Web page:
Even without access to a calendar, it is usually pretty easy to tell when summer has properly arrived on the west coast of Argyll. The people who were wishing for the snow to disappear in January have turned their attention to praying for cooler temperatures. Washing lines become populated day after day with every wet material imaginable hanging alongside regular items of washing: bath mats, wetsuits, dog beds. After a day or two of sunshine, the skin seen around Oban begins to resemble a Dulux colour chart, with shades ranging from ‘fresh from the teat of a cow’ to ‘medium rare steak’.
In my flat the climate had been lifted from its natural Arctic feel to something nearing cool. Early in the day the light was crashing through the windows at the front, illuminating every room, while in the evening it was shining into the kitchen, making everything warm. Even late into the night the sun was still there, making the buildings across the street the colour of an apricot as it was setting. By the end of the week the heat in the kitchen had become so unbearable while I was preparing dinner that there reached a point where I was considering the merits of cooking shirtless. The debate was one of comfort, allied to the concern that olive oil may spit and splutter from the frying pan. In the end, as in all situations, I thought it best to keep my shirt on, mostly because I was nervous about the hummus.
In contrast to the agitating evenings in the kitchen, the summer mornings were warm and uplifting, like the embrace of a friend not seen for a while or the first shot of Jameson when it hits the back of the throat. On George Street, a group of six or so tourists was huddled closely together by the traffic lights outside the Oban Whisky & Fine Wines Shop. From a distance it looked like a scene from a sci-fi movie, where the population of a small village has dropped everything they were doing and gathered to look skyward at some unidentifiable presence as it hovers on the horizon. As I advanced closer to the group whilst on my morning walk to work it was evident that they were looking up Stafford Street, beyond the red chimney of Oban Distillery, which when caught on the right day can give the appearance of the burning end of a cigar, and to McCaig’s Tower on the clifftop above. They were gazing at the eternally unfinished structure the way I look across the bar at a woman I like – with wonder – and it quickly became clear that they didn’t know how to approach it.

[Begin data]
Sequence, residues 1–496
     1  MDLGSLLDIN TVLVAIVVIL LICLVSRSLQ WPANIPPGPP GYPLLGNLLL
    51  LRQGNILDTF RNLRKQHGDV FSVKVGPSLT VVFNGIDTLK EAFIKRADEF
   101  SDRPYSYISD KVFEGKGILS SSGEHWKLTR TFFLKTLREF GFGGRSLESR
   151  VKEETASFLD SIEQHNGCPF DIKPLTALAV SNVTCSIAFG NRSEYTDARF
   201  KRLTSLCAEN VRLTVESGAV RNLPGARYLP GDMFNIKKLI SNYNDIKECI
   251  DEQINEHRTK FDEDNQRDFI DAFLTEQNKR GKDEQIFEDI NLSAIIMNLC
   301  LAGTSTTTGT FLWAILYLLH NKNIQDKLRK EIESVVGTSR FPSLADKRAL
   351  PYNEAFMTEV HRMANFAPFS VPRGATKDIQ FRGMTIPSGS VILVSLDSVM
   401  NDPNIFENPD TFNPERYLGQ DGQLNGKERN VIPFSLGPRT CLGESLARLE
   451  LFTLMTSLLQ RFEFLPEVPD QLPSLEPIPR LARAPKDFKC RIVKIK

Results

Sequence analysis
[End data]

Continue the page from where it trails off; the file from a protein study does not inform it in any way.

I was listening to Yo La Tengo when I tried to snake around the group unnoticed, walking at least six inches onto the road in order to avoid their dropped jaws. I had almost walked past all six of the tourists when the last guy, who was maybe the third oldest in the group, gesticulated in a manner which suggested that he had something he wanted to say. I slowed my pace and withdrew my earphones just as the chorus was coming, in time to hear the man ask “how do we get up there?”
His accent was unmistakably Italian, which was enough to tell me that he should be taken seriously. I always get anxious when a stranger stops me to ask for directions when I am in Glasgow or Edinburgh, and I am torn between being the person who genuinely wants to help another human and the one who isn’t local and who doesn’t really know where anything is, aside from a handful of bars. But in Oban I can pretend that I am assured and confident when approached by strangers with broken English who don’t know any better, so I turned and pointed down George Street and directed the collective to “take the next right and then follow the road all the way up. You should see it signposted on the way.”
The Italian nodded the way a person does when they want to indicate that they have understood what you have just told them, and I continued on my morning walk with a warm glow which was in keeping with the sunshine on my back. As the day went on I found myself becoming increasingly worried about the advice I had dispensed. I was sure that they knew what I was meaning when I was pointing to the right, but the rest was just pot luck. How would this group of six people know that what they were looking at from the pavement was McCaig’s Tower? That name could as well read pancake with bite marks on a street sign for all the Italians knew.
I kept going over my words through the afternoon. The more I thought about what I had told the tourists, the more unsure I was growing. What if they translated that to mean ‘and then you take out your safety goggles and rock climbing equipment and scale the rock face until you reach the base.’? After a while I was checking Twitter and news articles, looking for reports of six Italian tourists who had become lost, presumed gravely injured, as they tried to climb an unmarked path to McCaig’s Tower. There was nothing in the news, and by the next morning I could only presume that the sight seekers had safely survived their climb.